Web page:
Flying Cars Are Closer to Reality Than You Think

There are just a few little bugs to sort out

Adam K. Raymond
OneZero

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Credit: Michael H/Getty Images

The future — our present — is not what we were promised.

Man has not been to Mars (Wired, 1997), food has not become obsolete (Ray Kurzweil, 2005), and robots have failed to make the entire country’s population independently wealthy (Time Magazine, 1966). The human foot has not morphed into one giant toe (Dr. Richard Lucas, 1911), dental transplants have not become common (Mechanix Illustrated, 1947), and no one has “a live-in ape to do the cleaning and gardening chores” (RAND Corporation, 1967).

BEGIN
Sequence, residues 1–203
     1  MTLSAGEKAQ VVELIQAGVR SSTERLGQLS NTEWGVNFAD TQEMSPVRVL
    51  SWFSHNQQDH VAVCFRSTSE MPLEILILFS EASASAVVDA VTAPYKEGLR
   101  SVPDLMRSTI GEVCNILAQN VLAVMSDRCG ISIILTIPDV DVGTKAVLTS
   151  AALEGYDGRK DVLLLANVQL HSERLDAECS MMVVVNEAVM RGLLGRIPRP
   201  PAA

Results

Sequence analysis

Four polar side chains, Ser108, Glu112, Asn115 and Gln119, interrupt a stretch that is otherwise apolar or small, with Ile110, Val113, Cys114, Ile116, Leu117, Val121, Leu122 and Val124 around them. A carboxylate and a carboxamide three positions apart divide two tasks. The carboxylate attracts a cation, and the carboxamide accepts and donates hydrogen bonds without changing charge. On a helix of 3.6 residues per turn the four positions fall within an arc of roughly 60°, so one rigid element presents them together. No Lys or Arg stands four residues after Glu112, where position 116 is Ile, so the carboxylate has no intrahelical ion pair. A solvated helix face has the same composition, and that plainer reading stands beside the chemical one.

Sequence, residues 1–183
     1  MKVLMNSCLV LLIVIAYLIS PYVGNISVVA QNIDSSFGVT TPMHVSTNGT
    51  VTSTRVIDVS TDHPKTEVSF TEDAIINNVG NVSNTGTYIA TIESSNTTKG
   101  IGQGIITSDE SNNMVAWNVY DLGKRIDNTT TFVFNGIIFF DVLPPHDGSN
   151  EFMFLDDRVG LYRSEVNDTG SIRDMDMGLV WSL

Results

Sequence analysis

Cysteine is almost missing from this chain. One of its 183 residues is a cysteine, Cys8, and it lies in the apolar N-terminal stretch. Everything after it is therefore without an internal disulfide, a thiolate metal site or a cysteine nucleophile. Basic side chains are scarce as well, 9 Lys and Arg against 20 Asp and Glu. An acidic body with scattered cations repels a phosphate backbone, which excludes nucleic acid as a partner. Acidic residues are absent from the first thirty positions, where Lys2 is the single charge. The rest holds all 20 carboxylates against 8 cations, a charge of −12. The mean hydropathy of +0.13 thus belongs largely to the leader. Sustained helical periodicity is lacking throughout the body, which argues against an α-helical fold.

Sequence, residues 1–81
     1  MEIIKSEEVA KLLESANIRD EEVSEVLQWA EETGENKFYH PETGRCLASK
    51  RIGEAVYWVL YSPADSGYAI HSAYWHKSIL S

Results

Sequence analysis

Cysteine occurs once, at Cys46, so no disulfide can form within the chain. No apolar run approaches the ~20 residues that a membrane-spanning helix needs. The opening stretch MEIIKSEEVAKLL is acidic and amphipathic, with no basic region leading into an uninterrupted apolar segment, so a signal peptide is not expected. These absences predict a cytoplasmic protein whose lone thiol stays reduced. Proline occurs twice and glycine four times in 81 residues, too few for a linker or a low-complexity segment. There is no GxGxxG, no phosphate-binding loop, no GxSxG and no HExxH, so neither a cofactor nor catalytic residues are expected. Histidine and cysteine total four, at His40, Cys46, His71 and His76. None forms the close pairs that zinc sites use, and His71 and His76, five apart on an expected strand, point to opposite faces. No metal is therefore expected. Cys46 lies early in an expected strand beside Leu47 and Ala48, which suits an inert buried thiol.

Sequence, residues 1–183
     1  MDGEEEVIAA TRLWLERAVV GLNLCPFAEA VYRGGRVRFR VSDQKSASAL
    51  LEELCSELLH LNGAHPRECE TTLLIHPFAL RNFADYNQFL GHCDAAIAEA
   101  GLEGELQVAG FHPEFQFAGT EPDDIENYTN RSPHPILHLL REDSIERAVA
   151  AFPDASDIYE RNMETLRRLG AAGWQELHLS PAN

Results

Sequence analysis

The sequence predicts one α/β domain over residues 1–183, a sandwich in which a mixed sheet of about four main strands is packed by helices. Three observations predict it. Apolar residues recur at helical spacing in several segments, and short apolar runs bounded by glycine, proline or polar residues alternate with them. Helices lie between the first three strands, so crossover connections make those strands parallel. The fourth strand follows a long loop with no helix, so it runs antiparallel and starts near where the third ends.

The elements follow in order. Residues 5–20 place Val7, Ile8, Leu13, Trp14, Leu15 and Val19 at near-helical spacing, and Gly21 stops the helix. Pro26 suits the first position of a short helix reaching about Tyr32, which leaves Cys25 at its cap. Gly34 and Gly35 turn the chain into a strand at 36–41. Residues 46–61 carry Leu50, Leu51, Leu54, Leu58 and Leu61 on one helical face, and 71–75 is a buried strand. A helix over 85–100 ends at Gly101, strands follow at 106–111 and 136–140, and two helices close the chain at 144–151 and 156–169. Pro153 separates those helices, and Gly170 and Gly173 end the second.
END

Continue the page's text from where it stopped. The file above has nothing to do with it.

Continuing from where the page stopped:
We also don’t have flying cars (Popular Science, 1924; The Saturday Evening Post, 1942; Back to the Future, 1985; etc.). For a century, visionaries, futurists, and wild-eyed sci-fi writers predicted airborne sedans parked in the garage of every suburban commuter. But nearly two decades into the 21st century, that dream has not been realized, even as so many other markers of “the future” — video chats, robotic house cleaners, the Cubs winning the World Series — have become reality.

Over time, people began to ask “Where’s my flying car?” as shorthand for disappointment with reality failing to meet the most exciting projections of the future. Sure, we’ve got tiny supercomputers in our pockets and countertop speakers that…

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